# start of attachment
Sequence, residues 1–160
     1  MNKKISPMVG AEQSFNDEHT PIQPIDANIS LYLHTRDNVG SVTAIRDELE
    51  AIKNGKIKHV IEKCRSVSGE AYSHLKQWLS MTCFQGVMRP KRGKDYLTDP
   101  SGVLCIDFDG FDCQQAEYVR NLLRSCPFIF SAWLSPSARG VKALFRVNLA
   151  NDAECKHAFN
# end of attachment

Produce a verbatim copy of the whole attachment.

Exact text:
Sequence, residues 1–160
     1  MNKKISPMVG AEQSFNDEHT PIQPIDANIS LYLHTRDNVG SVTAIRDELE
    51  AIKNGKIKHV IEKCRSVSGE AYSHLKQWLS MTCFQGVMRP KRGKDYLTDP
   101  SGVLCIDFDG FDCQQAEYVR NLLRSCPFIF SAWLSPSARG VKALFRVNLA
   151  NDAECKHAFN